Because the concert hadn’t sold out, we were relocated from the cheapest nosebleed seats to two sections above the floor, which gave us a close view of the catwalk that extended out into the audience. The arena went dark as the show began, and the big screens around the venue lit up with a flashy video introduction to each member of NKOTBSB. The crowd screamed, and Darren and I popped in the earplugs that I happened to have in my purse. Among puffs of smoke and colorful beams of light, the curtain came up slowly, revealing nine silhouettes standing onstage. As the lights came up during the opening number, a cover of Colplay’s “Viva La Vida,” I saw Joey, Jordan, Jon, Danny, and Donnie and screamed like the 10-year-old I was when I first discovered the New Kids. I cheered for the Backstreet Boys, too, even though I know their hits better than I know them as performers. “I Want It That Way” is a go-to karaoke song of mine, but I wouldn’t recognize A.J. or Howie walking down the street.
The boys put on a great show, full of choreographed dancing and crowd participation. The rest of the audience and I waved one hand in the air during “Hangin’ Tough,” and when Jordan prompted us, “Step One,” we sang back, “We can have lots of fun.” During the concert, I glanced at Darren regularly to see how he was doing. He seemed to be enjoying the show about as much as I’d enjoyed the Braves games: he was moderately engaged, with wandering attention. He clapped a bit after each song but didn’t cheer, and I caught him checking his fantasy baseball score on his phone a few times. At one point, the New Kids joked about how few guys there were in the audience and pointed the spotlight onto one guy they dubbed their “Cover Boy.” (Fans will get the reference to the song “Cover Girl.”)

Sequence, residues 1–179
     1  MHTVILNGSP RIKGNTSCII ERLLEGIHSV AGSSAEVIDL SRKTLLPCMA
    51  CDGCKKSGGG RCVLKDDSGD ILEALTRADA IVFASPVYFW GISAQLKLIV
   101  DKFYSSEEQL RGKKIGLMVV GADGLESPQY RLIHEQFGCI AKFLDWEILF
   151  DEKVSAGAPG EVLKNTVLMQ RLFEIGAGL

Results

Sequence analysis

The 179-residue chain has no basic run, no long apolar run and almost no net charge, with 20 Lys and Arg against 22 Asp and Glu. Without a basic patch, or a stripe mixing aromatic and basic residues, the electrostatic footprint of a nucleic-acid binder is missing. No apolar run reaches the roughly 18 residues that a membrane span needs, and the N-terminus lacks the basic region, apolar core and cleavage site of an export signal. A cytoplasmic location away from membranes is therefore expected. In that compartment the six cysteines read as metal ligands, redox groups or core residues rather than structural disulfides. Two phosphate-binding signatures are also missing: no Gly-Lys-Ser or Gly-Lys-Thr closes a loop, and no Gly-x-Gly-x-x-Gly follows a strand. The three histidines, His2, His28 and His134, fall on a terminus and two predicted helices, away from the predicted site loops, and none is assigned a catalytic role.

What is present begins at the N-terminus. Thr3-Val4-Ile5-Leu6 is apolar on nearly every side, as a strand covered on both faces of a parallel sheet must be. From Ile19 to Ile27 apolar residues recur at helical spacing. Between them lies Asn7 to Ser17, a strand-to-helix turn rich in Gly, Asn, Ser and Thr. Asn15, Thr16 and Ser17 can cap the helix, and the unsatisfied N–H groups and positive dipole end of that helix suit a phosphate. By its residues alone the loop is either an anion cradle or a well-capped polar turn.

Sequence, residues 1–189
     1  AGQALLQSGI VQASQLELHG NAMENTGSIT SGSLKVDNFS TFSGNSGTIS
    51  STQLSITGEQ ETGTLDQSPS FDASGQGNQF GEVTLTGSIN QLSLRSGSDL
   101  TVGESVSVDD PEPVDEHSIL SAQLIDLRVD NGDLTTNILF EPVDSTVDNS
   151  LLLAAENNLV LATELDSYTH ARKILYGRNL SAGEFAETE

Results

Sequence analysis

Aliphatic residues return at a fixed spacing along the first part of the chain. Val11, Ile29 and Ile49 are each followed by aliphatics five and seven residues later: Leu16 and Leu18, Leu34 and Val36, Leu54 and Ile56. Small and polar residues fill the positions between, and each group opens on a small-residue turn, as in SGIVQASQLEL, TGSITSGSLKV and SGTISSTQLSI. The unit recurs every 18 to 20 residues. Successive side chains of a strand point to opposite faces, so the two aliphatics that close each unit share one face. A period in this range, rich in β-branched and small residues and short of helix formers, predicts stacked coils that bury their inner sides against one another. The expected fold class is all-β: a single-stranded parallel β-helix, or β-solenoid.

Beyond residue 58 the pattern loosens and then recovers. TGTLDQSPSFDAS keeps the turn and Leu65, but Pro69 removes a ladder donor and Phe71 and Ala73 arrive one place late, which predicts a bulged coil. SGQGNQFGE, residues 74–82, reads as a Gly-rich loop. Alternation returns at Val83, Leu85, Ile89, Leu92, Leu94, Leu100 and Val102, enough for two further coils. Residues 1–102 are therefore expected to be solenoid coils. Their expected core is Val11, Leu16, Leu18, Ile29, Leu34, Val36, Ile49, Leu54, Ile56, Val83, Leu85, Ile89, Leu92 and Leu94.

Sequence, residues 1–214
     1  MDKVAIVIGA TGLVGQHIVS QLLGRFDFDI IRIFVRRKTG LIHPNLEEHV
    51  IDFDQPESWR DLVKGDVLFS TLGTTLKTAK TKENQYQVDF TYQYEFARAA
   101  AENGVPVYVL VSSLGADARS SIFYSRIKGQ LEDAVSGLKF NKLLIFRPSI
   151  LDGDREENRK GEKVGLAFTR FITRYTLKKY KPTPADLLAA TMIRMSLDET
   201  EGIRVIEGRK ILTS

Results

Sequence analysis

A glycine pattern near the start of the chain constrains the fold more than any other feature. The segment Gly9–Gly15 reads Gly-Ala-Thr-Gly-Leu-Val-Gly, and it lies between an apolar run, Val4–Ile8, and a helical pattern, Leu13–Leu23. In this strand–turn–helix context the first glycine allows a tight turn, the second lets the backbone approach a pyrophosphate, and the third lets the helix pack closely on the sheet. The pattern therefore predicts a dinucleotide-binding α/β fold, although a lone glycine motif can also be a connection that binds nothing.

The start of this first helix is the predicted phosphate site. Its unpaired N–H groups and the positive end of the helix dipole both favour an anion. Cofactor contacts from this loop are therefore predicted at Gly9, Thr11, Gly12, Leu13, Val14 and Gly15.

Toward the end of the two-hour show, Brian from Backstreet called out, “Who’s having fun?” (“WOOOOO!” the crowd answered.) “Who’s ready to go home?” (“BOOOOO!” yelled the crowd.) I said to myself, “I kinda am.” My feet hurt from standing in my flats, and my 11 pm bedtime was creeping up. I no longer had the energy of a 10-year-old. Luckily, the show ended shortly with a high-energy mashup of “Hangin’ Tough” and “Everybody (Backstreet’s Back),” confetti flying, lights flashing, and smoke shooting up from the catwalk. The show was everything I’d hoped it would be: a nostalgic greatest hits spectacle all in good fun. And Joey McIntyre is still dreamy.
The best part of the concert and the Braves weekend was the opportunity for Darren and me demonstrate the little sacrifices we’re willing to make for each other’s happiness. There will be other Braves weekends, and there will be other concerts (Taylor Swift is coming to Memphis in October!). If we’re able to keep accepting each other’s influence with a smile, I know that our future together will be bright.